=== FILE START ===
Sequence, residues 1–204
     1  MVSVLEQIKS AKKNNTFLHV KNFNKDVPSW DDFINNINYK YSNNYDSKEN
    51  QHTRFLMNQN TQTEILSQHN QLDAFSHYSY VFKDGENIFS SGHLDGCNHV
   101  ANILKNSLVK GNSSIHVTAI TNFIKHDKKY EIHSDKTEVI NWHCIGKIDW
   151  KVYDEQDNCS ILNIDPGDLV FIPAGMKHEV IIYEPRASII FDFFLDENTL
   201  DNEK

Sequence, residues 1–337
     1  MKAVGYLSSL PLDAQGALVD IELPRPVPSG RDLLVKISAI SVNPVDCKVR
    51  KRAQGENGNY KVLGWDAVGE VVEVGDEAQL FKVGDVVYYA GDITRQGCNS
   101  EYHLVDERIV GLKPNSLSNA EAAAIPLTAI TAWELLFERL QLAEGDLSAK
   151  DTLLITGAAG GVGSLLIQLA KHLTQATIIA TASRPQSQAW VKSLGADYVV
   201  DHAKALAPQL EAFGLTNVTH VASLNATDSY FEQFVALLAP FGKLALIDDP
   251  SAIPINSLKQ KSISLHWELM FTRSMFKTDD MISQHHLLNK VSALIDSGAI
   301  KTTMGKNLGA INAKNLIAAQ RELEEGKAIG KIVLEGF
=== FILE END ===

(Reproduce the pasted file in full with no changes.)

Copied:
Sequence, residues 1–204
     1  MVSVLEQIKS AKKNNTFLHV KNFNKDVPSW DDFINNINYK YSNNYDSKEN
    51  QHTRFLMNQN TQTEILSQHN QLDAFSHYSY VFKDGENIFS SGHLDGCNHV
   101  ANILKNSLVK GNSSIHVTAI TNFIKHDKKY EIHSDKTEVI NWHCIGKIDW
   151  KVYDEQDNCS ILNIDPGDLV FIPAGMKHEV IIYEPRASII FDFFLDENTL
   201  DNEK

Sequence, residues 1–337
     1  MKAVGYLSSL PLDAQGALVD IELPRPVPSG RDLLVKISAI SVNPVDCKVR
    51  KRAQGENGNY KVLGWDAVGE VVEVGDEAQL FKVGDVVYYA GDITRQGCNS
   101  EYHLVDERIV GLKPNSLSNA EAAAIPLTAI TAWELLFERL QLAEGDLSAK
   151  DTLLITGAAG GVGSLLIQLA KHLTQATIIA TASRPQSQAW VKSLGADYVV
   201  DHAKALAPQL EAFGLTNVTH VASLNATDSY FEQFVALLAP FGKLALIDDP
   251  SAIPINSLKQ KSISLHWELM FTRSMFKTDD MISQHHLLNK VSALIDSGAI
   301  KTTMGKNLGA INAKNLIAAQ RELEEGKAIG KIVLEGF